Breast Cancer Awareness Month: 3 Misconceptions About Male Breast Cancer

Dr. Simon J. Lopez

Every October, national companies and local businesses sport pink ribbons and banners in support of Breast Cancer Awareness month. The disease affects hundreds of thousands of women every year in the United States, claiming more than 43,000 lives annually. However, women are not the only ones impacted by this life-changing disease.

Data from the Centers for Disease Control and Prevention shows that about 2,400 men are diagnosed with breast cancer each year in the United States. While this type of cancer is rare in men, that doesn’t diminish the toll it takes on the men and families whose lives are forever changed by the diagnosis. Compounding the problem is that men are less likely to detect breast cancer early on.

There are many misconceptions when it comes to male breast cancer – here are some of the common myths when it comes to the disease:

  • You have to have breasts to get breast cancer. Despite some people’s belief that men must have “man boobs'' to get breast cancer, all men have breast tissue that can become cancerous. Staying in shape, eating a healthy diet, and reducing toxins in your environment can help reduce the risk of getting the disease.

  • Men under the age of 60 don’t get cancer. Even though breast cancer in men usually happens past age 60, younger men can still suffer from the disease. Overall health, family history, and genetic factors increase the risk of developing the illness.

  • All men should have annual screening mammograms. Since the disease is so rare and men have smaller breast tissue, a self-examination and a physical checkup by a doctor are sufficient for men.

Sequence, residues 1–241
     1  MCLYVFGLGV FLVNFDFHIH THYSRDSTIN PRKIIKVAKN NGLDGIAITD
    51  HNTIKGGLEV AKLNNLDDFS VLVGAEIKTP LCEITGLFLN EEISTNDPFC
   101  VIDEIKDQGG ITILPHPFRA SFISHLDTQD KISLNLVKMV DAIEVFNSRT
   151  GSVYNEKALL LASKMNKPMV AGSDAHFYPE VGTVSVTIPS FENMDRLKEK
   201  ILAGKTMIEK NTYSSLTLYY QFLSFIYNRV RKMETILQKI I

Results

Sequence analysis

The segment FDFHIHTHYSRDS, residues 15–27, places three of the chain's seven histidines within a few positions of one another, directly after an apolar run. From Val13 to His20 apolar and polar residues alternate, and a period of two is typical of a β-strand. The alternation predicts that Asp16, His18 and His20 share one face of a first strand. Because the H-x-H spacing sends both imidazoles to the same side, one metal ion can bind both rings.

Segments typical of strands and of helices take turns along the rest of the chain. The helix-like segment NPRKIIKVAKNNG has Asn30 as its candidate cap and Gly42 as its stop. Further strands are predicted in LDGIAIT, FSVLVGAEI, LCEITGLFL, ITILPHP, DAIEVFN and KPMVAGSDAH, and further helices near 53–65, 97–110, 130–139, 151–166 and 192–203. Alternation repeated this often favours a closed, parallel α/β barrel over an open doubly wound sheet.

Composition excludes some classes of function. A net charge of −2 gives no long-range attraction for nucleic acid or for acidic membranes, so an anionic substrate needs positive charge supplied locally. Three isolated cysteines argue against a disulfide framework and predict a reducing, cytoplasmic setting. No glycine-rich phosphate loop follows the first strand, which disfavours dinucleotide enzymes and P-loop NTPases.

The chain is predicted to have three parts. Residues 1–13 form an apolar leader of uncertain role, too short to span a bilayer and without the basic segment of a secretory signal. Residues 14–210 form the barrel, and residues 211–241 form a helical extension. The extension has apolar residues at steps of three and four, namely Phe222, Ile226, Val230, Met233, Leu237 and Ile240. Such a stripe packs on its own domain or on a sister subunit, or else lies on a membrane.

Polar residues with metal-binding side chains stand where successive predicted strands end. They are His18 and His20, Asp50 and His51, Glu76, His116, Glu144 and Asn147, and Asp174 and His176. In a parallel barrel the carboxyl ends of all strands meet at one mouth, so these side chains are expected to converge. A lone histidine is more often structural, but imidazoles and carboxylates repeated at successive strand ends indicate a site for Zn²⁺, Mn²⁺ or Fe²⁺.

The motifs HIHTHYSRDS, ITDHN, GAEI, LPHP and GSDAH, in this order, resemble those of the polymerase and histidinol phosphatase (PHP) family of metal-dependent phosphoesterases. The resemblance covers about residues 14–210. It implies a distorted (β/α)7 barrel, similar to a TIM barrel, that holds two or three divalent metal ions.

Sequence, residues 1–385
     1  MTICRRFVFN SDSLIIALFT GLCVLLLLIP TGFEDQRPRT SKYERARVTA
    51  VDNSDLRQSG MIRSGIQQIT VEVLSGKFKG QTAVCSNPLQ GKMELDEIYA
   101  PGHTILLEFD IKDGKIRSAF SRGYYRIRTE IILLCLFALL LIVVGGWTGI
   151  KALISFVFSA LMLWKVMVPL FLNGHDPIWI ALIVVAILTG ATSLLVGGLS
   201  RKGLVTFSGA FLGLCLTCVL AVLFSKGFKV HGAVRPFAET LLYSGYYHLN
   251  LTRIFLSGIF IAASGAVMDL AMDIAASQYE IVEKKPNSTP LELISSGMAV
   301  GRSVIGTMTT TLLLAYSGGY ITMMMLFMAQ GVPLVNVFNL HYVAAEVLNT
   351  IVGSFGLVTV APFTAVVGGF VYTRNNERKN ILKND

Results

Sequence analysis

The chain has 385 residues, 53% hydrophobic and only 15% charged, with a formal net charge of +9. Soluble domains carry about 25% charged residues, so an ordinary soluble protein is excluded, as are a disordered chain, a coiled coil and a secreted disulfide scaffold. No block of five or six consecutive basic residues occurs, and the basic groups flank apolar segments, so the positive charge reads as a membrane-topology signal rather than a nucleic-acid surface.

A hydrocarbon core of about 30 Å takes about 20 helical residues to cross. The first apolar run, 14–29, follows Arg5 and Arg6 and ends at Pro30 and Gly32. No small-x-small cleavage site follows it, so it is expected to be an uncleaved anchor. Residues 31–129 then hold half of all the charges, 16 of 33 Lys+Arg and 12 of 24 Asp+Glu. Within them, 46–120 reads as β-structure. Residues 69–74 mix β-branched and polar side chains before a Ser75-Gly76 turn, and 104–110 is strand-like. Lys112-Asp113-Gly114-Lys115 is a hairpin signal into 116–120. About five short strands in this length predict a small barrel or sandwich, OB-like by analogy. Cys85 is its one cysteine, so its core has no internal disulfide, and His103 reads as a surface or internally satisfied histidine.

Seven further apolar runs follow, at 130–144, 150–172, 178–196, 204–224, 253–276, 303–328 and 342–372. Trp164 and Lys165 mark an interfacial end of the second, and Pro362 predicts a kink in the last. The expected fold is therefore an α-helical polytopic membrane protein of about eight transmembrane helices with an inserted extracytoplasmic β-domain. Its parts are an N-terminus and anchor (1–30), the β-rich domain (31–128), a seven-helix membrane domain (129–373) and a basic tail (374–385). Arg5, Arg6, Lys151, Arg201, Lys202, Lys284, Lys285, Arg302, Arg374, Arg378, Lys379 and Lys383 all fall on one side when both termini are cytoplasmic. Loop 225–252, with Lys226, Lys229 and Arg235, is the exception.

Research by the American Cancer Society shows that an estimated 530 men will die from breast cancer this year in the United States. However, the disease can be treated successfully if it's detected early, potentially saving lives. Here is a list of symptoms to look out for.

  • A painless lump or thickening in your breast tissue

  • Changes to the skin covering your breasts, such as dimpling, puckering, redness, or scaling

  • Changes to your nipple, such as redness or scaling, or a nipple that begins to turn inward

  • Discharge from your nipple

Do not hesitate to call a doctor if you have any persistent symptoms.You can find a health care provider by going to

And proudly display your pink ribbon to show your support for breast cancer patients – both women and men.

Despite being born in the First State of Delaware, Dr. Simon J. Lopez grew up in various towns across South Florida and acknowledges his truly Floridian roots. Those roots reached from South Florida all the way to Tallahassee where he planted himself at the Florida State University. During his first round as a Seminole, Dr. Lopez could be seen on Bobby Bowden Field at Doak Campbell Stadium as a sideline photographer for the FSView, the student-run university paper, or being involved in various honor societies he was inducted into. After graduating with a Bachelor of Science in Biochemistry and dual minors in Biology and Film Studies, Dr. Lopez pursued a Master of Science degree with a concentration in Interdisciplinary Medical Sciences at the University of South Florida. Following his time in Tampa, Dr. Lopez then returned to Tallahassee to become a Seminole again by attending the Florida State University College of Medicine. He did his clinical rotations at the Daytona Beach regional campus under the tutelage of a phenomenal faculty that molded his interests in women's health and preventative medicine. Inspired by the main campus of FSUCOM, Dr. Lopez witnessed firsthand the unique way family medicine physicians were able to combine their personalities with medicine and found it the best fit for his life and career completing his residency and becoming board certified in Family Medicine at the Tallahassee Memorial Healthcare Family Medicine Residency Program in 2021.

Education aside, Dr. Lopez has spent his life combining his passion for science (which came from seeing the classic film "Juarassic Park" as a child) with his desire to help others. During the little free time afforded him, he can often be found at the theater seeing the latest movie, testing his knowledge at trivia events or trying his best to make others laugh.

2022-10-27 21:00:00